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A recombinant infectious bronchitis virus (IBV), BeauR-M41(S), was generated using our reverse genetics system (R. Casais, V. Thiel, SG Siddell, D. Cavanagh and P. Britton, J. Virol. 75: 12359-12369, 2001), in which the ectodomain region of the IBV M41-CK spike gene replaced the corresponding region of the IBV Beaudette genome. Breau-M41(S) acquired the same cell tropism phenotype as IBV M41-CK in four different cell types, demonstrating that the IBV spike glycoprotein is a determinant of cell tropism.

Avian infectious bronchitis virus (IBV) recombinant, a member of the Coronaviridae (order Nidovirales, genus Coronavirus), is a highly infectious pathogen of domestic birds that replicates mainly in the respiratory tract but also in the epithelial cells of the intestine, kidney and intestine. oviduct. Genetically very similar coronaviruses cause disease in turkeys and pheasants. Coronaviruses are enveloped viruses that replicate in the cell cytoplasm and contain a 27–32 kb, single-stranded, non-segmented, positive-sense RNA genome.

All coronavirus lipid envelopes contain at least three membrane proteins: the spike glycoprotein (S), the integral membrane protein (M), and the small membrane protein (E). The coronavirus protein S is a type I glycoprotein that oligomerizes in the endoplasmic reticulum and assembles into virion membranes through noncovalent interactions with the membrane protein. After incorporation into coronavirus particles, glycoprotein S is responsible for binding to the target cell receptor and fusing the viral and cell membranes.

Glycoprotein S consists of four domains: a signal sequence that is cleaved during synthesis; the ectodomain, which is present on the outside of the virion particle; the transmembrane region responsible for anchoring the S protein in the lipid bilayer of the virion particle; and the cytoplasmic tail. IBV glycoprotein S (1162 amino acids) is divided into two subunits, S1 (535 amino acids; 90 kDa), which comprises the N-terminal half of the S protein, and S2 (627 amino acids; 84 kDa), which comprises the C -terminal half of the S protein.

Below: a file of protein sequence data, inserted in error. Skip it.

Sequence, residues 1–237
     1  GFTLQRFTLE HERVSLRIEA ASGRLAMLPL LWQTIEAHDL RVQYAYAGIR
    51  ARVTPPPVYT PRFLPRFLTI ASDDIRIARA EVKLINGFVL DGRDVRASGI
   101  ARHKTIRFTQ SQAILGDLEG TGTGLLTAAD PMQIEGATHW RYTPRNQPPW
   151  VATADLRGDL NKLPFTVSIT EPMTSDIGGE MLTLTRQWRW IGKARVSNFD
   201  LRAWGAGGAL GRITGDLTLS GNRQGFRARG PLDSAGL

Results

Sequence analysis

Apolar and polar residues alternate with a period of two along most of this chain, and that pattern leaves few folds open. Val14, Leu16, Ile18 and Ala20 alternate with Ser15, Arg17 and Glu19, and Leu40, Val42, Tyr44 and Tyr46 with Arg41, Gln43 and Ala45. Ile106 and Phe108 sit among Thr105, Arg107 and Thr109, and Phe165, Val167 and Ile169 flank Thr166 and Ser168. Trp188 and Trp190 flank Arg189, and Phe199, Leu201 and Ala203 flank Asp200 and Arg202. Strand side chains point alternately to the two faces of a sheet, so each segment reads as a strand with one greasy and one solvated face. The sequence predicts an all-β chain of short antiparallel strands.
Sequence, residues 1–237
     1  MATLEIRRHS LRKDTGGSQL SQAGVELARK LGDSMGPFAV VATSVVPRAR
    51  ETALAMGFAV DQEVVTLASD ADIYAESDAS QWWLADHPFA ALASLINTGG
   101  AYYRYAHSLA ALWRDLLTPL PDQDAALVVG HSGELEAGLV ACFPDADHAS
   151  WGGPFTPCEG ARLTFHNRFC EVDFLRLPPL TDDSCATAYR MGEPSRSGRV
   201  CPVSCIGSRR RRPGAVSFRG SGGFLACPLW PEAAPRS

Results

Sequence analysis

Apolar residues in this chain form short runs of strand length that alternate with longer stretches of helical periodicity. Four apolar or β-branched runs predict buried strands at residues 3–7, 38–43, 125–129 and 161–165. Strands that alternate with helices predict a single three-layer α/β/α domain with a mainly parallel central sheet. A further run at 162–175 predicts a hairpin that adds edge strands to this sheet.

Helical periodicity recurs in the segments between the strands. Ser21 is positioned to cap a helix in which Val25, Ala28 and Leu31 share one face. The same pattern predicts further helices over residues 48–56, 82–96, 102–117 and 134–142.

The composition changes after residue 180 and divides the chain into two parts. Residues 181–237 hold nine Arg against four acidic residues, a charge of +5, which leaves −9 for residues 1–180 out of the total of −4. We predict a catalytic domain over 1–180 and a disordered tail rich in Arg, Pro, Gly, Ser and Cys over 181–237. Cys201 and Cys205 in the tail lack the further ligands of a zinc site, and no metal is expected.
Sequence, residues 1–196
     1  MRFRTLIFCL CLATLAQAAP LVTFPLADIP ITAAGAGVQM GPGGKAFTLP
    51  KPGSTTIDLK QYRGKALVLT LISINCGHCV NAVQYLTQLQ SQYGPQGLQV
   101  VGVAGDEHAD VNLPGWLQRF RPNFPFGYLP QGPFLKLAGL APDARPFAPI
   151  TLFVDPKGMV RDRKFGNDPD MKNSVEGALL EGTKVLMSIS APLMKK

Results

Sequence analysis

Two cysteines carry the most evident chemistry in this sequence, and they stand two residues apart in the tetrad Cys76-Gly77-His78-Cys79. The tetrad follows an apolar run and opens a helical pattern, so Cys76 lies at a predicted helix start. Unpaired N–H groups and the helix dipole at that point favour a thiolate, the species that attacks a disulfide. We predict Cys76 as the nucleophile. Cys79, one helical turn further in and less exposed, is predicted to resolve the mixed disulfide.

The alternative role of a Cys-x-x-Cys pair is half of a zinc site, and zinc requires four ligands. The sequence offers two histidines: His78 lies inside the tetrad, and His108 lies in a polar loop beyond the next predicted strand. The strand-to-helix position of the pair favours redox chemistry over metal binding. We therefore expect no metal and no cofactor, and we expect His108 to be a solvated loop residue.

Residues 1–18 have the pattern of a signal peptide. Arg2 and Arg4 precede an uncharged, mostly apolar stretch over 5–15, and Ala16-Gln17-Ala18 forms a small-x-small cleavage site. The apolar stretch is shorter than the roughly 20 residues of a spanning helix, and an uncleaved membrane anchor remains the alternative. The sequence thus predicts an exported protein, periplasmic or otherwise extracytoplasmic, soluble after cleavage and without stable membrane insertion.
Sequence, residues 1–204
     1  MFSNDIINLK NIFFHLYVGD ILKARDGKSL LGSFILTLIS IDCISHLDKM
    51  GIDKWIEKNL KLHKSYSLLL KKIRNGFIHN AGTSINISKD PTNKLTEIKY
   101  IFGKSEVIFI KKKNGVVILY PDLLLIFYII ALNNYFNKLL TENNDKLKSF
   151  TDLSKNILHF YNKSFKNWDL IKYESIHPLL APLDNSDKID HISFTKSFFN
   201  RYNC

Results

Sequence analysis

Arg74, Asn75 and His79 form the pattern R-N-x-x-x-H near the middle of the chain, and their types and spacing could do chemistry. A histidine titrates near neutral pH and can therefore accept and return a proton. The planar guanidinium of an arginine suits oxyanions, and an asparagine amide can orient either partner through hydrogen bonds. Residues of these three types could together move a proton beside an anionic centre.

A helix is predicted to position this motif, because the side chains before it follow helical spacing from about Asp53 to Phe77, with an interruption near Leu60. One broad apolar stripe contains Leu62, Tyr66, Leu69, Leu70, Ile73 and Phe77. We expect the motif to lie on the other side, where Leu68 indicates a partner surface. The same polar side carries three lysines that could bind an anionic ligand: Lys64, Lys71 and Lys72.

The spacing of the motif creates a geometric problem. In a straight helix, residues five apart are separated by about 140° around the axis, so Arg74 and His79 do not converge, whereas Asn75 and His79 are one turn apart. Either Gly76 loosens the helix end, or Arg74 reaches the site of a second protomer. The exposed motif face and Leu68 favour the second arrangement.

The S2 subunit associates noncovalently with the S1 subunit and contains the C-terminal and transmembrane cytoplasmic tail domains. The S1 subunit contains the receptor-binding activity of the S protein. The ectodomain region of the S2 subunit contains a fusion peptide-like region and two heptad repeat regions involved in S-protein oligomerization. The shorter heptad repeat is adjacent to the transmembrane region and consists of a leucine zipper motif. Modification of the leucine zipper motif of murine hepatitis coronavirus (MHV) protein S affected oligomerization and loss of cell-to-cell fusion.

Directed recombination has been used to modify the MHV S gene. Similarly, a recombinant porcine coronavirus transmissible gastroenteritis virus (TGEV) containing the S gene derived from an enteric TGEV within a respiratory TGEV genome was isolated in vivo and shown to have acquired enteric tropism. In addition, the MHV glycoprotein S ectodomain was replaced with the corresponding sequence from feline coronavirus infectious peritonitis virus, and the resulting virus acquired the ability to infect feline cells with concomitant loss of the ability to infect murine cells in the culture of tissues. These results demonstrated that the S-glycoprotein for a group 2 coronavirus (MHV) or a group 1 coronavirus (TGEV) was involved in the tropism of these coronaviruses.

However, due to the lack of a suitable modification system, the role of glycoprotein S of IBV, a group 3 coronavirus, in cell tropism had not yet been confirmed. We have used our IBV reverse genetics system to investigate the role of IBV glycoprotein S in cell tropism, demonstrating, for the first time, that the IBV reverse genetics system could be used to generate a recombinant coronavirus with a modified genome. precision to study the role of a coronavirus gene. Recombinant IBV (EBV) analysis showed that S-gene swapping resulted in a virus that had the growth characteristics of the S-gene donor strain, M41-CK, confirming that the S-glycoprotein of a group 3 coronavirus (IBV) is a determinant of the cellular tropism of the virus in vitro.